To change the world, pastors did not have to march in protests or speak at political rallies. In fact, the Doctor disliked the “pastor politician.” Lloyd-Jones believed the pastor politician’s constant denunciation of communism and other groups resulted in the “shutting of the evangelistic door upon that section.” Rather to improve the world, pastors needed only to walk in the footsteps of Jesus and the apostles and preach the gospel. The Word of God changed lives.

A Word of Caution

Despite the efforts of the philosophers and the politicians, sin remained fully entrenched in the human heart, pumping out sins that would continue to wreck both the individual and the institutions he or she occupied.

But even at this juncture, the Doctor’s optimism remained muted. Though he believed in, advocated for, and dreamed of revival, the Welsh pastor did not believe any pastor, denomination, or revivalist could usher in an era of perfect social harmony or world peace. Lloyd-Jones believed humanity would devolve until Christ returned. He wrote, “The Apocalypse alone can cure the world’s ills.” For this reason, even the inspiring movements of faith that came out of the First and Second Great Awakenings proved fleeting. The local church could not Christianize the world. The recreation of the world was the special purview of Jesus.

Until Christ returned to judge the living and the dead, the world would continue to know of divorce, wars, and every other social ill. Christians could expect to be marginalized and to experience persecution. But even in this world of gloom, Christians did not have to fear their neighbors, society, political institutions, or anything else under heaven. Their salvation and eternal destiny remained secure. The Doctor said,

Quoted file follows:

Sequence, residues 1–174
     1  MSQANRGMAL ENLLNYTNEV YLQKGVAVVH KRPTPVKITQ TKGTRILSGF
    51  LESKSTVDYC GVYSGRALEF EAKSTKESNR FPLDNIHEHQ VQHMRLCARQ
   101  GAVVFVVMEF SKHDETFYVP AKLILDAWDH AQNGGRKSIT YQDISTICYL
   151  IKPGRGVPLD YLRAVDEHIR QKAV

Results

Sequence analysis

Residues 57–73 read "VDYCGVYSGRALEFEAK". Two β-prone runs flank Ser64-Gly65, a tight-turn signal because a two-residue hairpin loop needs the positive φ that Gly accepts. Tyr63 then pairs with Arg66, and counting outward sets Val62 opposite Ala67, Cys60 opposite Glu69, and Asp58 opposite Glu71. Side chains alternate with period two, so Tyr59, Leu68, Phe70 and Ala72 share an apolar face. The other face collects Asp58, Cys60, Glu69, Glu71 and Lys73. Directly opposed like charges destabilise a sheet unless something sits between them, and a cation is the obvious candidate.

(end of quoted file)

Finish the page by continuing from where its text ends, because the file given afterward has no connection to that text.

Let your hurricanes come one after the other, and all together it will make no difference. Let men set off all their bombs in the whole universe at the same time, this inheritance remains solid, durable, everlasting, eternal.

Though tomorrow might fail the Christian, eternity would far surpass the believer’s expectations.

Conclusion

Prudence demands that historians, pastors, and the average reader should not attempt to insert Lloyd-Jones into twenty-first century discussions about the Black Lives Matter movement, the Coronavirus pandemic, or the storming of the U.S. Capital by rioters. We have no special insights into what the Doctor would have thought about such things.

But of this we can be sure. The man who preached Christ while bombs fell out of the sky would never abandon the gospel and devote his pulpit to the advancement of social causes. The Scriptures spoke to the needs of every age. As the Doctor noted, the gospel, “alone deals with our fundamental need.” Jesus saves.